To think of “fate” in the show is to think of a map with many branching paths. Gods of the Arena shows a full range of possibilities for these characters to pursue, only to close off an increasing number of paths along the way. Some of these paths are closed due to their intrinsic natures, but what makes Gods of the Arena more than just a rote exercise in filling in the blanks is in showing just how much certain people see a more appealing path, only to have it shut off from them either due to unintended consequence or simple lack of autonomy over their own lives. It’s not that these characters were only ever destined to be in the place they are come Blood and Sand; it’s that they are simply the sum total of the events of their lives, events they both enact and find acted upon them.
A great example of this lies in the sudden romance of Gannicus and Melitta, one that probably had seeds planted long before the start of this series but is only given a chance to flourish thanks to the decisions of their masters. I can’t say I thought very much of Gannicus at the outset of the series, but Jupiter’s beard that kiss between him and Melitta was every bit as epically romantic as the one between Crixus and Naevia. This will end in ways impossibly painful, both for themselves and Oenomaus but still stands as one of those great “what if” questions that the series loves to pose. It’s not enough simply to shut off possibility before it can take root in the mind. No, the show demonstrates how cruelly life can present possibility and then crush it right before your eyes.
Luckily, it’s not all impossibly tragic consequences laid out tonight. Crixus’ talk with Barca might have been one of his finest moments on the show, not only for the reveal about the birds mentioned earlier, but also showing 1.) more of his backstory, and 2.) seeds of the leadership that will be prevalent in Blood and Sand. Melitta saving Naevia from Diona’s dead gaze also showed compassion in a house lacking generally lacking in such. And Oenomaus’ first steps towards becoming the Doctore from the first season were thrilling, even if they mean that Gannicus is going to suffer under the whip at some point over the final two episodes.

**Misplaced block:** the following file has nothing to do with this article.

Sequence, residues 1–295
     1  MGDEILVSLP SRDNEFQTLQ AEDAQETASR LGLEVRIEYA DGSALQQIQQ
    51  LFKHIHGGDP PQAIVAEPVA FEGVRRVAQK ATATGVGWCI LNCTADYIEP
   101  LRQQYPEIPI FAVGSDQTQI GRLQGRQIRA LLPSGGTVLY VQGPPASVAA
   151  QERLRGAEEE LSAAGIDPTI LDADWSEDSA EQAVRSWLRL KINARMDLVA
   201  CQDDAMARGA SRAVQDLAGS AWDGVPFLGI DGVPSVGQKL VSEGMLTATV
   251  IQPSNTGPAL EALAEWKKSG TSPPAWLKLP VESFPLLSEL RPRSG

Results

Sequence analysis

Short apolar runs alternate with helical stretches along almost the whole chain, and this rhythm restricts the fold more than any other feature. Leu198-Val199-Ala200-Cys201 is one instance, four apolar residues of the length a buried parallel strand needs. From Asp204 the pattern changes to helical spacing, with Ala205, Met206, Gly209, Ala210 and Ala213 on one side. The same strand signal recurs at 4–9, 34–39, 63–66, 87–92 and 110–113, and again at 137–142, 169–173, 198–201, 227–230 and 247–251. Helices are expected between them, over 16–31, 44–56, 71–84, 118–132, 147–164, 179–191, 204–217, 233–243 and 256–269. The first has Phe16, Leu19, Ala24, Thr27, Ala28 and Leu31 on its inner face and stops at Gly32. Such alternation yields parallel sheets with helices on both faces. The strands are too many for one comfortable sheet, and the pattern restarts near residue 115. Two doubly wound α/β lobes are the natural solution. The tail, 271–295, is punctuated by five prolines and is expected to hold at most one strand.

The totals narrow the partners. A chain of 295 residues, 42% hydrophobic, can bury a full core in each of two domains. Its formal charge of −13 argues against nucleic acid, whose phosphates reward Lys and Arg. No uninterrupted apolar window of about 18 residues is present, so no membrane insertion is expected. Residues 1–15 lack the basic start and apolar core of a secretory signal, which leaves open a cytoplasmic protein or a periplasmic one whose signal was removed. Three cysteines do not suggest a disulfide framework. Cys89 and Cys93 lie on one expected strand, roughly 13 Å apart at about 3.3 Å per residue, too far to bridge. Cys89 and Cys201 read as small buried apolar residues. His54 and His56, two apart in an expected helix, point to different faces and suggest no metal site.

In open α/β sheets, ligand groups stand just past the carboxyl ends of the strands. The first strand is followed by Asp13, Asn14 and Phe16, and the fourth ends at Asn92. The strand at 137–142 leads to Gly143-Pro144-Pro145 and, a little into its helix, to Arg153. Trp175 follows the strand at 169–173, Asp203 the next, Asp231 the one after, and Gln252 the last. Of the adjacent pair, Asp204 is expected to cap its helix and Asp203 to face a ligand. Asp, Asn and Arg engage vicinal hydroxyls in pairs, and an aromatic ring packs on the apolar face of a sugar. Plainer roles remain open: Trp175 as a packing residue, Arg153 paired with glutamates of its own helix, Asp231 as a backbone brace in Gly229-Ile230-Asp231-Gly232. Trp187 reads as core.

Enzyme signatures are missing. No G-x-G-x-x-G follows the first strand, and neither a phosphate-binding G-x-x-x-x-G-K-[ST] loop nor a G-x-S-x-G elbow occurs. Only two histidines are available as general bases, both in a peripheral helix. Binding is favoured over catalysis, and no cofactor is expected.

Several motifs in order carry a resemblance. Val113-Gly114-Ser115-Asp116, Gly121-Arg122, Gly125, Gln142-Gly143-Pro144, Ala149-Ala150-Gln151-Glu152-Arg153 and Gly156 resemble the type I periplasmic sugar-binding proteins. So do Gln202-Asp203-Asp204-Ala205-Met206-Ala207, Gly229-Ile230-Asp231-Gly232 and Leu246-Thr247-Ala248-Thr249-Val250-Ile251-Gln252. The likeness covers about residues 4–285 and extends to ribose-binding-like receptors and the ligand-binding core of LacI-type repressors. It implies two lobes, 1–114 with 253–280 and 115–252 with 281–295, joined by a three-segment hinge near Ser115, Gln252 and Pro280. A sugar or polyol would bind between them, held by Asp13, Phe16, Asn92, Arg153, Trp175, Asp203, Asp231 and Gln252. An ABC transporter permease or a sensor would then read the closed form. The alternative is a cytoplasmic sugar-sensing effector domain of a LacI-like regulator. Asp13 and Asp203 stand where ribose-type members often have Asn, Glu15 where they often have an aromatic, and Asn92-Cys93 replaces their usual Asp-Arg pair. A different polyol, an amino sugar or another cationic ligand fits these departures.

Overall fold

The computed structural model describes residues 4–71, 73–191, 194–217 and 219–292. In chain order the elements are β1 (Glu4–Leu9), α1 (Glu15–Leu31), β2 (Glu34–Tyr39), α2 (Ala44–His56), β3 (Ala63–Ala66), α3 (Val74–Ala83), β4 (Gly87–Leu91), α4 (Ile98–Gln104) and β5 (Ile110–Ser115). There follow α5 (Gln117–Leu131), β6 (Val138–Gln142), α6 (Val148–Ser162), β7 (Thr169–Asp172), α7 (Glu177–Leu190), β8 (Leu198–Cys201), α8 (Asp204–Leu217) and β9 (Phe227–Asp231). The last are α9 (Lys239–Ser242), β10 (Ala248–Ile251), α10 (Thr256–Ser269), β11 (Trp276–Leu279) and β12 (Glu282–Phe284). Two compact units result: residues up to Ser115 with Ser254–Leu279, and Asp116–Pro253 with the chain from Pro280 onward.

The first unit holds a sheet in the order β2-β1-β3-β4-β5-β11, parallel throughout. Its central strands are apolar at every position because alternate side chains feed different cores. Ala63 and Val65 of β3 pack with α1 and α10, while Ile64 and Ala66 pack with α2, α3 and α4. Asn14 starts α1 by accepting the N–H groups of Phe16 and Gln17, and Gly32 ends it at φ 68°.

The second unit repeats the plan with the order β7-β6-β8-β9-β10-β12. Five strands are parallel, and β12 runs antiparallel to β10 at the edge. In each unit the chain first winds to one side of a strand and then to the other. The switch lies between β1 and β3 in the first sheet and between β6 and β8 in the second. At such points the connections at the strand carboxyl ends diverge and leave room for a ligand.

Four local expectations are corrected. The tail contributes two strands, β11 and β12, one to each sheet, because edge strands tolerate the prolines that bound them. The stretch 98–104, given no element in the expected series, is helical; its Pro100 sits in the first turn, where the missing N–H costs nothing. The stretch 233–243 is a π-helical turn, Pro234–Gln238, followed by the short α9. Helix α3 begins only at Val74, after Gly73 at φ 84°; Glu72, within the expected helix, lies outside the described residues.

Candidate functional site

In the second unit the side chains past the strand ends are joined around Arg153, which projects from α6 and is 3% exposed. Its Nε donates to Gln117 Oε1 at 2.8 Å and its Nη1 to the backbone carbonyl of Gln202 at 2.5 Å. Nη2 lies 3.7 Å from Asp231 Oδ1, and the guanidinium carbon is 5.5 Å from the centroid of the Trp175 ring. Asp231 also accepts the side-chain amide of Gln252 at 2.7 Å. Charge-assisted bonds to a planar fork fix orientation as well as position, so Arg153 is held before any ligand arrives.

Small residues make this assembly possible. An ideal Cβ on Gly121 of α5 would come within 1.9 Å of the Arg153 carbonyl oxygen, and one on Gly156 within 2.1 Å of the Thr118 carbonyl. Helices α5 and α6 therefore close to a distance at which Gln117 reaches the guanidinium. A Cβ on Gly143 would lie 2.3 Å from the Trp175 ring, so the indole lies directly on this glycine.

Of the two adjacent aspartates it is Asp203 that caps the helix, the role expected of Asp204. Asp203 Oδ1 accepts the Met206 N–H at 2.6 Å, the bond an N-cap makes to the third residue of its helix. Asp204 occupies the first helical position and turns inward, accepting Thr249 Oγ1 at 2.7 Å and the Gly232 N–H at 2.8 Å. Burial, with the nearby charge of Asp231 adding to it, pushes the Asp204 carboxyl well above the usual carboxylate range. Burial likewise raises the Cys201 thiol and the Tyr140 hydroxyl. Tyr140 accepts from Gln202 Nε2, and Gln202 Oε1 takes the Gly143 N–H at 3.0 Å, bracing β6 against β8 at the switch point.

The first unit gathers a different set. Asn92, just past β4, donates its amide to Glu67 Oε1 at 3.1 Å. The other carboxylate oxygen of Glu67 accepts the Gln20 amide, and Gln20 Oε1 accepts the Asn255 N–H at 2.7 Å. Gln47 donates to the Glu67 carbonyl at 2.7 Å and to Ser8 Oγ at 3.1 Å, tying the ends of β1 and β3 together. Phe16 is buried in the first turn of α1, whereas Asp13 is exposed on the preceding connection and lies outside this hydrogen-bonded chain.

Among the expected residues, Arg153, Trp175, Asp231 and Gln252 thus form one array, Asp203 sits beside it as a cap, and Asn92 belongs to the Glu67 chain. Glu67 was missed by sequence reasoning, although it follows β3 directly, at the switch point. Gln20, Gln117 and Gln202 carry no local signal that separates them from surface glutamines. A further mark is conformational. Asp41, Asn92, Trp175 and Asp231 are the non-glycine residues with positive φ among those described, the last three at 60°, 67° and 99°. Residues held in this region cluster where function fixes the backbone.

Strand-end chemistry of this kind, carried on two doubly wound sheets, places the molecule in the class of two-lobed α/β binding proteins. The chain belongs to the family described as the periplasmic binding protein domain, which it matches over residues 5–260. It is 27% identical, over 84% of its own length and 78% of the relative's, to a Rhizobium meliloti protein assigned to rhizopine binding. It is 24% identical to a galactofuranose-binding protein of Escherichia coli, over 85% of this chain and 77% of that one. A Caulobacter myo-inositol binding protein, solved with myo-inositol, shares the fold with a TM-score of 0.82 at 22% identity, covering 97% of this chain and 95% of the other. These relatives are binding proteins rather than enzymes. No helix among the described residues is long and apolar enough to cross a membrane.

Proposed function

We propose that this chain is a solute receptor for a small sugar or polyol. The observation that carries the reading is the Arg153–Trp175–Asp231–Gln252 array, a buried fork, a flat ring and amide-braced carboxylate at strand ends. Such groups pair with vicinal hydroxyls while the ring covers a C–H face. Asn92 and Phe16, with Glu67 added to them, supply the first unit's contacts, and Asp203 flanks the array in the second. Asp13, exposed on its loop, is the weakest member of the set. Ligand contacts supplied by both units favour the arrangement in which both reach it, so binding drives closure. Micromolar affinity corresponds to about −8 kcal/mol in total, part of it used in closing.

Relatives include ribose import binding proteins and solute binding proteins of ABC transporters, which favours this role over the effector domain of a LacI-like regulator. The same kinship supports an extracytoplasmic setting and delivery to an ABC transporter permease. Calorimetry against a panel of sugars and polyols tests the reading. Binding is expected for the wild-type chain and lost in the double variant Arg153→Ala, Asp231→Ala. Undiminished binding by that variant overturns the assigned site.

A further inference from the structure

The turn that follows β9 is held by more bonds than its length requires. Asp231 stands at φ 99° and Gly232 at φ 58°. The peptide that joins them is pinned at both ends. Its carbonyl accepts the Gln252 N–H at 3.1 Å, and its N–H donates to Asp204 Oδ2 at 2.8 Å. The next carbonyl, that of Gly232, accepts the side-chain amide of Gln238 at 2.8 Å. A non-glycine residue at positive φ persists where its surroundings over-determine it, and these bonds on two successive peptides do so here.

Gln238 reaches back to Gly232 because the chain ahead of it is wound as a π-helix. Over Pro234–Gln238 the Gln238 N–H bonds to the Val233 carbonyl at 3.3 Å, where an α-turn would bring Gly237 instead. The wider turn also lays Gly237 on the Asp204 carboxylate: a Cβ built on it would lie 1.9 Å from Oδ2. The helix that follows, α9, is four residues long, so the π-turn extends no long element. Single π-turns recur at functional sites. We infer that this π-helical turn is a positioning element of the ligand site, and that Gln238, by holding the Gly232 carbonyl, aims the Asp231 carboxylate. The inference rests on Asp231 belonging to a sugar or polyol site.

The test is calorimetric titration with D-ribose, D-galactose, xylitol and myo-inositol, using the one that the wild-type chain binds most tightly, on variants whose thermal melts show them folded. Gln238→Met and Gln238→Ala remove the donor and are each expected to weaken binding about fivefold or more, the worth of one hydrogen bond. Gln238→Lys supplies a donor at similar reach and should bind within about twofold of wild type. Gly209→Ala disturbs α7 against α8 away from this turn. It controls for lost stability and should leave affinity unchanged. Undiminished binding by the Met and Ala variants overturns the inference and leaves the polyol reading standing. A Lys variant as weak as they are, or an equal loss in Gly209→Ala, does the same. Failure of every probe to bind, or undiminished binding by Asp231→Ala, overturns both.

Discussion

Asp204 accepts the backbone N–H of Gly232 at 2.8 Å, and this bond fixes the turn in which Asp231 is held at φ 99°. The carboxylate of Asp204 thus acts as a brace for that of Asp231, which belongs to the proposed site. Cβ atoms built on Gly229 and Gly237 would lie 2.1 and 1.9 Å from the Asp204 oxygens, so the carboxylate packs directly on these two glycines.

But in general, this was a dark hour, one in which our heroes (if you can even call them that) find themselves in more danger than ever. The masks of the party have also been worn by Quintus and Lucretia, albeit metaphorically, throughout the season. Tonight found those masks ripped off, revealing the small faces underneath. They have only each other upon which to rely at this point, with Titus hoping to sever the bond between them. Well, we all know how this will turn out, in the abstract. But since Gods of the Arena has been so deft at surprising us along the way to our known destination, I’m excited to see just how these two unite over the final hours of this short season.
Stray observations:

  • Gaia’s death will no doubt set the stage for the Lucretia we know and love (well, relatively speaking) in Blood and Sand. I wondered about her natural hair in this prequel, and now we can surmise that both Lucretia’s affair with Crixus and her endless series of colorful wigs are actions which, in her mind, honor the memory of her former best friend.
  • Ashur didn’t mind taking more credit for his gladiatorial debut than he should have but also didn’t mind selling his partner down the river during the party as punishment for stealing his glory. As per usual, Ashur rules all.
  • "He does not drink; he does not fuck. Why does he remain?" Apparently, Tullius was the Adam Ant of Capua. He don’t drink, he don’t smoke. What do he do?
  • Speaking of Tullius, loved his fight with Gannicus, which spoke more to the psychologies of the characters than their skill sets. Tullius fashions himself a bruiser but only in controlled circumstances. And for all his brashness, Gannicus doesn’t mind looking bad and then laughing it off in private company later. And then, you know, smooching it off.
  • "Disappointment can only be borne of expectation." Titus is talking here about his relationship between himself and Quintus, but also tidily explains my personal relationship to Glee.
  • "This house is pale shadow, absence your light." Ah, Solonius. I’m guessing your friend figures out your real allegiance soon enough, but don’t worry, this will all work out in the end. Cough.
  • If fingers were cut off a fan’s hand in a football game today, ESPN’s Outside the Lines would run 300 consecutive episodes about it.
  • No real clarification this week on my “Lucretia is poisoning Titus” theory. She did offer him more wine during a coughing fit, but this hour did a lot to show that her real desire to kill him may just be starting. So maybe I’ll be right, and I just jumped the gun on when she started.